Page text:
Keenan Briefings

Briefings

Governor Newsom’s Executive Order Creates Workers’ Compensation Presumption for COVID-19 Diagnosis

May 08, 2020

On May 6, 2020, Governor Gavin Newsom signed an executive order establishing a rebuttable, time-limited legal presumption that certain cases of COVID-19 arise out of and occur in the course of employment for purposes of workers’ compensation coverage. This order was signed after much debate in the insurer, employer and injured worker communities, and was different in important ways from earlier drafts as well as from the presumption bills that are currently under consideration in the legislature. Important aspects of the executive order are discussed in more detail below.

The presumption is rebuttable, which means that an employer can provide evidence that the employee’s exposure to COVID-19 did not arise out of and occur in the course of employment. Earlier drafts of the order would have established a “conclusive” presumption, which would have precluded an employer from introducing such evidence. However, a rebuttable presumption still shifts the burden of proof from the employee to the employer, which means that it is no longer the employee’s burden to prove that their work caused their illness. Instead, with a rebuttable presumption, the employer must prove that the work did not cause the illness, which is very difficult to prove. Additionally, the order provides just 30 days for an employer to deny compensability, as opposed to the 90 days under the Labor Code.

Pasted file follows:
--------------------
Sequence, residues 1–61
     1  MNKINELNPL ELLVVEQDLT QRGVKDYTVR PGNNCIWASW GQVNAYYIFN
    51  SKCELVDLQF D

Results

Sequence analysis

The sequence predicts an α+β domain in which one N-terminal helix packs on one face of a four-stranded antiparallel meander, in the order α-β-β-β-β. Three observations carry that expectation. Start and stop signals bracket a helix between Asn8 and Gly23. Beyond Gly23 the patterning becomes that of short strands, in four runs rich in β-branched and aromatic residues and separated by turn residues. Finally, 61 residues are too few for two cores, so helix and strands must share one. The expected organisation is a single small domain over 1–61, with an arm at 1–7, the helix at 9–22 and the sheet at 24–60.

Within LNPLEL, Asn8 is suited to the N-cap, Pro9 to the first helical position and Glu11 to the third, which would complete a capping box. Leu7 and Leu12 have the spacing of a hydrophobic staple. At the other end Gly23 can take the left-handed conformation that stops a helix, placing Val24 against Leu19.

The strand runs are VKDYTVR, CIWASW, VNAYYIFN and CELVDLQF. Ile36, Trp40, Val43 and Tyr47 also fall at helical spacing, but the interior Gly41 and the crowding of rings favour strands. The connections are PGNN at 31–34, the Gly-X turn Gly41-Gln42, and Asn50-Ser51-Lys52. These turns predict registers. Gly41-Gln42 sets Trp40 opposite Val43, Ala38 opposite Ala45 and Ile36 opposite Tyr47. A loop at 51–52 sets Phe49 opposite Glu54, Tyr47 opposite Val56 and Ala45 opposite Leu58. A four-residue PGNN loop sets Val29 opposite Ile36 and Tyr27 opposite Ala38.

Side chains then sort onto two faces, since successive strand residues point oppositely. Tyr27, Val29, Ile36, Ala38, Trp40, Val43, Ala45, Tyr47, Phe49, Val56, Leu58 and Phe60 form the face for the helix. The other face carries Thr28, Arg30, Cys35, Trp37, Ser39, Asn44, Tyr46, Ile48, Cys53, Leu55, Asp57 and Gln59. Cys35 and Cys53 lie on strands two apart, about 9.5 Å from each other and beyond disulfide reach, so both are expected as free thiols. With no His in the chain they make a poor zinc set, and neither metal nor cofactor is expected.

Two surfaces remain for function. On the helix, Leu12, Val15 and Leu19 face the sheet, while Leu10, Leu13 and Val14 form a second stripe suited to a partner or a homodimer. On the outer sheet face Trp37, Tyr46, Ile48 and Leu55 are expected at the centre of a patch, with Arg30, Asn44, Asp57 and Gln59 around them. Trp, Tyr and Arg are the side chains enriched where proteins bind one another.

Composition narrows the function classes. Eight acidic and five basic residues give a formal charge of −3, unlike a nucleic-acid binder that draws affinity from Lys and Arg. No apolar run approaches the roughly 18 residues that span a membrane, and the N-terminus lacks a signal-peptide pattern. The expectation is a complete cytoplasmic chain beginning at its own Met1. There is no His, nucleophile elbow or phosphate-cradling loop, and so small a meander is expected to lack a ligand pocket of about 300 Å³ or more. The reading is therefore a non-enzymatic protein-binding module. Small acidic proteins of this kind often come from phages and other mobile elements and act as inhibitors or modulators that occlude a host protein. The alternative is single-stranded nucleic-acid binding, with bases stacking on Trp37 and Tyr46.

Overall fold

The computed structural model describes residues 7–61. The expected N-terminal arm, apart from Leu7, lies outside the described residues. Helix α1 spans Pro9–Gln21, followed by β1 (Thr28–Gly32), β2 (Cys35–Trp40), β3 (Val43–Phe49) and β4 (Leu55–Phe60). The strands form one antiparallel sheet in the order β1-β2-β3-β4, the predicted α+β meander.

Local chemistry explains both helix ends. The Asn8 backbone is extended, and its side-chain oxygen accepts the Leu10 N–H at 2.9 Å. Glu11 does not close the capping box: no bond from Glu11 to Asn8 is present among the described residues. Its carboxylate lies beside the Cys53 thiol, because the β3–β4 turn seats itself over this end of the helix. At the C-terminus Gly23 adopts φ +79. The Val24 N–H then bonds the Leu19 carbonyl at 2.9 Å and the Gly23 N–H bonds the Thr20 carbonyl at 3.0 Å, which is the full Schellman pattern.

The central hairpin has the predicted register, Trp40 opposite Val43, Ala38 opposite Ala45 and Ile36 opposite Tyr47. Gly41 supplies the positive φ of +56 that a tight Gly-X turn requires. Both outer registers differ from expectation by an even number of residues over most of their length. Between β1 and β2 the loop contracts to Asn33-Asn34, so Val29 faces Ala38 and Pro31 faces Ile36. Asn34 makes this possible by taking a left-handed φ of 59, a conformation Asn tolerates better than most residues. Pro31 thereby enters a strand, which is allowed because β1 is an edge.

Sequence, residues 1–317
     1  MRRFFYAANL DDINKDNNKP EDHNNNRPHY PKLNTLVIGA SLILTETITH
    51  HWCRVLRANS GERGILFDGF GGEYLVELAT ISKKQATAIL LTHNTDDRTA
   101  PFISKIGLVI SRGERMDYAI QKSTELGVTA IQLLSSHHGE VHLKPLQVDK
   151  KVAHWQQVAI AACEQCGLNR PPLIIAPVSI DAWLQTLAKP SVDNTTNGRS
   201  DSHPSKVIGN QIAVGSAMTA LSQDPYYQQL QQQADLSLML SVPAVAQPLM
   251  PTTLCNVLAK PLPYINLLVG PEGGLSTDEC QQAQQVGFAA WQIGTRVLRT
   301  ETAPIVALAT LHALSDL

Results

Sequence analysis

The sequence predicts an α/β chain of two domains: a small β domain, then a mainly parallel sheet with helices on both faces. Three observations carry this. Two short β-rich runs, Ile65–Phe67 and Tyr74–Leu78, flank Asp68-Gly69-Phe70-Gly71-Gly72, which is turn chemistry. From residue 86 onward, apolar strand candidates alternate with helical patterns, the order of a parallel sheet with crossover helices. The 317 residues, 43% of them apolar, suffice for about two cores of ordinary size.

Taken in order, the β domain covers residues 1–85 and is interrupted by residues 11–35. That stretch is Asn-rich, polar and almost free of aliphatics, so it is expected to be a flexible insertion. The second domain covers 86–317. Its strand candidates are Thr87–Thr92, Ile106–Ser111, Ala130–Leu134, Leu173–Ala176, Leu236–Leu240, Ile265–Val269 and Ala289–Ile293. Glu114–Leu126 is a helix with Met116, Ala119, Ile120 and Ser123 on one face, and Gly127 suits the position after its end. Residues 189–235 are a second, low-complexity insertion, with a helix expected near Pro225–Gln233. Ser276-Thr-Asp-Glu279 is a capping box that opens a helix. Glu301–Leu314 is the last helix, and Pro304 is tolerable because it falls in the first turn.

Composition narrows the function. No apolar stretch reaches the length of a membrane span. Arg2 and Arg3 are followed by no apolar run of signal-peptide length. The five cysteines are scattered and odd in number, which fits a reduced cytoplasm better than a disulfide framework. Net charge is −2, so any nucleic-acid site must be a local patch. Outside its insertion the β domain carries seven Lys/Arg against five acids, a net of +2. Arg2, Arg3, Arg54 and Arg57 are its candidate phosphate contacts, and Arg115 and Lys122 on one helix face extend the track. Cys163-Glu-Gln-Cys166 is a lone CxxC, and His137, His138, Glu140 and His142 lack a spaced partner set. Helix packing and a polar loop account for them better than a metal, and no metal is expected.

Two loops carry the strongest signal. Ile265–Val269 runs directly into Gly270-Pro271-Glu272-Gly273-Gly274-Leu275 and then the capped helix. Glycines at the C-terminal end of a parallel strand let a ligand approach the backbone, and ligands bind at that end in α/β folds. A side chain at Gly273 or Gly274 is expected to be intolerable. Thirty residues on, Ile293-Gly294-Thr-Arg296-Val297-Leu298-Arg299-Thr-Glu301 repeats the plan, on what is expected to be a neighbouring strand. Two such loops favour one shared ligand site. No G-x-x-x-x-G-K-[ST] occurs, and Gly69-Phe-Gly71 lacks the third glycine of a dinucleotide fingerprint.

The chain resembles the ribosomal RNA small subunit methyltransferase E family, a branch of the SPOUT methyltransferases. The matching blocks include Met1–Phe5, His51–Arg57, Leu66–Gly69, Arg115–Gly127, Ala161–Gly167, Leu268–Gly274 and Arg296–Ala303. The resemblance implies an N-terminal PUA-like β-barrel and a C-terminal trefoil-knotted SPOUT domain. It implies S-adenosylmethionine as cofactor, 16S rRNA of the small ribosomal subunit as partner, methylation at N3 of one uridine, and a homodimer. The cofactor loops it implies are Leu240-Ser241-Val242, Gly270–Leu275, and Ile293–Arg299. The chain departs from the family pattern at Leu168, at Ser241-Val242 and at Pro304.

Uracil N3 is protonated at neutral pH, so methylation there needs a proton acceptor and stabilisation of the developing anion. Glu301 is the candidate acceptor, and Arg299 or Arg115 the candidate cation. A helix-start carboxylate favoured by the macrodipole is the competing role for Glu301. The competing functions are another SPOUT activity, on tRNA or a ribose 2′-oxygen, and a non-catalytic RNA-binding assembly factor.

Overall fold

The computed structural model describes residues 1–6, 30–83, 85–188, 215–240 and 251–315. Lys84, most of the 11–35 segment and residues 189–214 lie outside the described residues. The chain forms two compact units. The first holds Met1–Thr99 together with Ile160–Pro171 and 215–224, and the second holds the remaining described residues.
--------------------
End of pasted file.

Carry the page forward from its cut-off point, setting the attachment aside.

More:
The presumption is time-limited. The order applies the presumption to claims occurring from March 19 until 60 days after the issuance of the order (or July 5, 2020). This does not mean that claims made for illness occurring outside this period will be denied. It just means that claims made by employees to whom the presumption applies for illness arising during that time will not be subject to a burden of proof that the illness was work-related. There is also a potential that either a further executive order or legislation could expand the current time limits on the presumption.